A few weeks ago, eagle-eyed Twitter users would have noticed a rather unusual tweet from one household name to another.
It was, it turns out, the only personal tweet that Christine Lagarde sent to any other finance minister in the run-up to this past week’s Spring Meetings in Washington DC.
This is no coincidence. Lagarde and Osborne really are good friends. They talk regularly (and not just on Twitter); they have a genuinely warm personal and professional relationship. Osborne was the first major finance minister to endorse Lagarde for her post as managing director of the International Monetary Fund and she, in turn, has always been steadfastly and publicly supportive of his economic policy.
Last summer, Lagarde made a personal appearance at the UK Treasury to unveil the Fund’s annual assessment of the British economy, and endorsed the Osborne economic plan. She memorably said that when she tried to imagine what the public finances would have looked like without the Chancellor’s austerity measures, “I shiver.”
Such interventions have been politically, if not economically, important for the Chancellor. They reinforce the notion that he is not merely an austerity obsessive: that his plans conform to mainstream economic wisdom. Like the support of a ratings agency, or indeed of economists like Carmen Reinhart and Ken Rogoff, IMF approval is a useful shorthand for economic credibility – something you need when you’re facing the longest slump in modern history.
And even as the Fund’s professional assessment of the UK economy’s health turned negative over the past year, Lagarde’s support for Osborne has remained unwavering. Earlier this week in Washington, the IMF chief economist, Olivier Blanchard said Osborne would have to reduce the pace of his spending cuts, adding that the Chancellor was “playing with fire”. The World Economic Outlook said, in black and white, that “greater near-term flexibility in the path of fiscal adjustment” was necessary in the UK – economese for “you need to consider plan B”.
And yet when asked about Britain, Lagarde offered a far more equivocal verdict: there was “nothing new” in the Fund’s assessment that the UK should be ready to change course if and when economic growth disappointed – though she conceded that “the growth numbers are not particularly good.”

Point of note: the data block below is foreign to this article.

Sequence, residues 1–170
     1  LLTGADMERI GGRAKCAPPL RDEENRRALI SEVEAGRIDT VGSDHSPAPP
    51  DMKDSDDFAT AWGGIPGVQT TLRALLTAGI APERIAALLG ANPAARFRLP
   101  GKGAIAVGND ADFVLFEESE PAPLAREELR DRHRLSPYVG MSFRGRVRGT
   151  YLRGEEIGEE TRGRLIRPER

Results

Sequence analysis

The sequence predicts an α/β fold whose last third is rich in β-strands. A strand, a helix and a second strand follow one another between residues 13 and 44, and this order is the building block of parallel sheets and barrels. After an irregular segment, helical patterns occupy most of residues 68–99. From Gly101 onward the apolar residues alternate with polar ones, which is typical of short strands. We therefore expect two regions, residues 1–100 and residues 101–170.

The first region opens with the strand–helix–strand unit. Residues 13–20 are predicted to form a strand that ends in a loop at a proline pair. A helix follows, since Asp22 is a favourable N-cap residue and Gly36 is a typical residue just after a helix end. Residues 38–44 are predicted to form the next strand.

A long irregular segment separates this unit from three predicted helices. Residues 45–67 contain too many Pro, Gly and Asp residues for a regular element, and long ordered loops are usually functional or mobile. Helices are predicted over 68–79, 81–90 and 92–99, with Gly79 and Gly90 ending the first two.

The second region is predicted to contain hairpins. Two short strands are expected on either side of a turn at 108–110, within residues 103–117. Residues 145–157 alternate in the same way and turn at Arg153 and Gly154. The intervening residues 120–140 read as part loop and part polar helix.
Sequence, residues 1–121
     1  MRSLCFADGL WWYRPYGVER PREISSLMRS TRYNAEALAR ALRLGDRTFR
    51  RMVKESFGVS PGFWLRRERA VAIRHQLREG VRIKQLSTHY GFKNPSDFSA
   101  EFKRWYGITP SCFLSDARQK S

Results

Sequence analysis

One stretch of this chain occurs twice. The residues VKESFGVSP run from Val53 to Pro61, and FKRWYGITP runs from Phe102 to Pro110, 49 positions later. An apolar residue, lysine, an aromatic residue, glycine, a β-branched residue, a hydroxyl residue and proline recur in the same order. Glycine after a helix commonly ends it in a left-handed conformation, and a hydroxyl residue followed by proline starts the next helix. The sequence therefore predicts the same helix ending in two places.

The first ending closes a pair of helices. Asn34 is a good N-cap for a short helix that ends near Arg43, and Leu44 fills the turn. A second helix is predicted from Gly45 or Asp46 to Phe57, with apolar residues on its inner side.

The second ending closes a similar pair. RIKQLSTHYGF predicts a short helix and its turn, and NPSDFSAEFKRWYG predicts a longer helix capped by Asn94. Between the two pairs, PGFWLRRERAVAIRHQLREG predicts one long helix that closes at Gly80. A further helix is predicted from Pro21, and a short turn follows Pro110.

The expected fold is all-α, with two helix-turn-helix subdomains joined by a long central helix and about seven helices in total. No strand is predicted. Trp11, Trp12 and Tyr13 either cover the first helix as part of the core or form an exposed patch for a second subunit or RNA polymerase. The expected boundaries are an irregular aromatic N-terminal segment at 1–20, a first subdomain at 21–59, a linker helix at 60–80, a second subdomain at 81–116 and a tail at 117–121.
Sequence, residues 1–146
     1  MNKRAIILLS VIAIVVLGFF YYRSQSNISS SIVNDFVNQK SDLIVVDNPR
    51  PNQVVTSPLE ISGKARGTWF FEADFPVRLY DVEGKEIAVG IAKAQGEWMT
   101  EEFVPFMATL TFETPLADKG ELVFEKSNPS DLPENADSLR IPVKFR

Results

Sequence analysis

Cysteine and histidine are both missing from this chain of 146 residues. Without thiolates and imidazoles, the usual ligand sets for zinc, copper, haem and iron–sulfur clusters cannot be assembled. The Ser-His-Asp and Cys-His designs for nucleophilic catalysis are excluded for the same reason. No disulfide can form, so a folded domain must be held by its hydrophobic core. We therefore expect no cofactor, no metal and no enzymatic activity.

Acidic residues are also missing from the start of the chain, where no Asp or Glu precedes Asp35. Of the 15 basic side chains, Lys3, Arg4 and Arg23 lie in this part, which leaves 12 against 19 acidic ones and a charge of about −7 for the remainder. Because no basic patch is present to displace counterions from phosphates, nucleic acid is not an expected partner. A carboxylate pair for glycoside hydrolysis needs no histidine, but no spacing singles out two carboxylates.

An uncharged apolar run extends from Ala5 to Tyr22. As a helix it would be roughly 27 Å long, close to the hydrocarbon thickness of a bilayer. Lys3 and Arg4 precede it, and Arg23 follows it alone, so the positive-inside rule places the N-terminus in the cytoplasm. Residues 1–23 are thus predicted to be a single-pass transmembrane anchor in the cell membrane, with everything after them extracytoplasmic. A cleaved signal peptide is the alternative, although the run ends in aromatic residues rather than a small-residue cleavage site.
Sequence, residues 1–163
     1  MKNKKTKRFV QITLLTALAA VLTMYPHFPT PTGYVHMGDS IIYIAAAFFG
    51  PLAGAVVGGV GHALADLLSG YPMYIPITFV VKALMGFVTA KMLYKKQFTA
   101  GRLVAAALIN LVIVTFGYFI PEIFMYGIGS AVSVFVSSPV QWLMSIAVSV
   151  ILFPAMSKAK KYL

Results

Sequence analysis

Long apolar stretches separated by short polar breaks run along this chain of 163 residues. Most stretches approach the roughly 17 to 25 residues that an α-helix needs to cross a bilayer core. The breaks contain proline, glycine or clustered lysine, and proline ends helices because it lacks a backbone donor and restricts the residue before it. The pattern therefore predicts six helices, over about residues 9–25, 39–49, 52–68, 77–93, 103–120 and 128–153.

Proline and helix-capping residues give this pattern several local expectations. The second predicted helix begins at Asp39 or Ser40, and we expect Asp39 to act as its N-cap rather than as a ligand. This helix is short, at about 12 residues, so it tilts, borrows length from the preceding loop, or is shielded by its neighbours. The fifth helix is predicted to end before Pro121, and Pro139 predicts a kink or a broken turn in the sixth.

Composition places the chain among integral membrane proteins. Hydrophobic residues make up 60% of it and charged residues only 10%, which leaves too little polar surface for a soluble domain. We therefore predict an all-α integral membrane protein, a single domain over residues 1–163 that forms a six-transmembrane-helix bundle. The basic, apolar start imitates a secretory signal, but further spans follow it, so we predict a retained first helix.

This difference in tone has been useful for the Chancellor. When asked in a domestic press briefing about Blanchard’s criticism, Osborne quoted Lagarde’s comments at length, dismissing the chief economist as “just one voice”.
However, the reality, according to a range of Fund insiders, is quite the contrary. They point out that the institutional IMF view is far closer to Blanchard’s opinion than Lagarde’s. That in some respects it is Lagarde who is the outlier.
In fact, some Fund officials were privately aghast when they heard Lagarde claim in that press conference that there was “nothing new” in the Fund’s position on the UK. One told me that within the Fund some were muttering that Lagarde’s good relationship with the Chancellor – and her consequent efforts to be diplomatic – were undermining their overall message: that Britain must change course.*
Whether that message will actually make any difference is moot. Plenty of finance ministers have disagreed with the Fund in the past. The Americans did in the 1980s. Gordon Brown got angry with the Fund during his Chancellorship when it advised him to scale back on his borrowing. Likewise, Osborne is furious with Blanchard, considering that the chief economist has unfairly singled out Britain when other countries are just as worthy, if not more worthy, of the same criticism.
But that doesn’t change the fact that for the first time since taking office, he is now on the wrong side of the Fund. And if there were any doubt about the true IMF position, it has now been laid to rest by Lagarde’s deputy, David Lipton. In an interview with Sky News, he says, explicitly, that when it comes to Britain’s budget, “the pace of consolidation ought to be reconsidered”. The precise numbers, he signalled, would have to wait until the Fund’s official survey begins next month, but the verdict could hardly be clearer.
The intervention is particularly significant given who it has come from. Lipton is not a household name; he is not on Twitter. But not only is he Lagarde’s deputy, he is the man who will take her place to unveil the ominous findings of the IMF assessment in London next month. It’s enough to make George Osborne shiver.
* Although the MD did offer a slightly tougher message when pressed repeatedly in an interview with BBC Hardtalk later in the week.